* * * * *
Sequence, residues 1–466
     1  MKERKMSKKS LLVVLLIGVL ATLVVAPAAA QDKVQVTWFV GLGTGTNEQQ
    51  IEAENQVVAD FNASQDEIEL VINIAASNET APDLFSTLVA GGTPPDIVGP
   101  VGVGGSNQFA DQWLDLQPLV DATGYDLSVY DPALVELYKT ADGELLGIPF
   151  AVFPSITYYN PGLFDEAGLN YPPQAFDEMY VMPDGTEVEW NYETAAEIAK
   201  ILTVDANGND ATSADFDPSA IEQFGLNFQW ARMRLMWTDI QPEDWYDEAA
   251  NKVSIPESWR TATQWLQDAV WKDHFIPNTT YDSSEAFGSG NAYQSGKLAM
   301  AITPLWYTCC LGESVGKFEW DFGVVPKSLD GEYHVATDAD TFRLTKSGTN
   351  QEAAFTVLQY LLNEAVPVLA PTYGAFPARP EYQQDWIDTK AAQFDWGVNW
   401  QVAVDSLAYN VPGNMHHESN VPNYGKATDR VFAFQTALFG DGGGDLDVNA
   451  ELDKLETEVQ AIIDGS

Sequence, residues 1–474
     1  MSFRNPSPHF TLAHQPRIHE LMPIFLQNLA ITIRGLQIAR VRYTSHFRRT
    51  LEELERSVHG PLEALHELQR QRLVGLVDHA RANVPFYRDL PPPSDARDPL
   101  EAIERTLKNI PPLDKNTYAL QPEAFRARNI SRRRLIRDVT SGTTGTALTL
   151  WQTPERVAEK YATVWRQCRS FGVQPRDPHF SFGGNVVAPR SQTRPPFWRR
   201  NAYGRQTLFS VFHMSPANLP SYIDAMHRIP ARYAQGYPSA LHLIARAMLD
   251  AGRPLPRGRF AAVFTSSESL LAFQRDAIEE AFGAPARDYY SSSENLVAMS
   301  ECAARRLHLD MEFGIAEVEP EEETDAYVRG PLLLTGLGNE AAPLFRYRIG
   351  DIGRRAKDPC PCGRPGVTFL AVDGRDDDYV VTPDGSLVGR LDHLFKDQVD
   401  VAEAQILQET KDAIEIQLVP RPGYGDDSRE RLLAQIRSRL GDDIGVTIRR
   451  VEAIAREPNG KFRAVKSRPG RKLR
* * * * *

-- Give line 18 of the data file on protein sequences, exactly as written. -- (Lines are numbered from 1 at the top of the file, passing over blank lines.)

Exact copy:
   251  AGRPLPRGRF AAVFTSSESL LAFQRDAIEE AFGAPARDYY SSSENLVAMS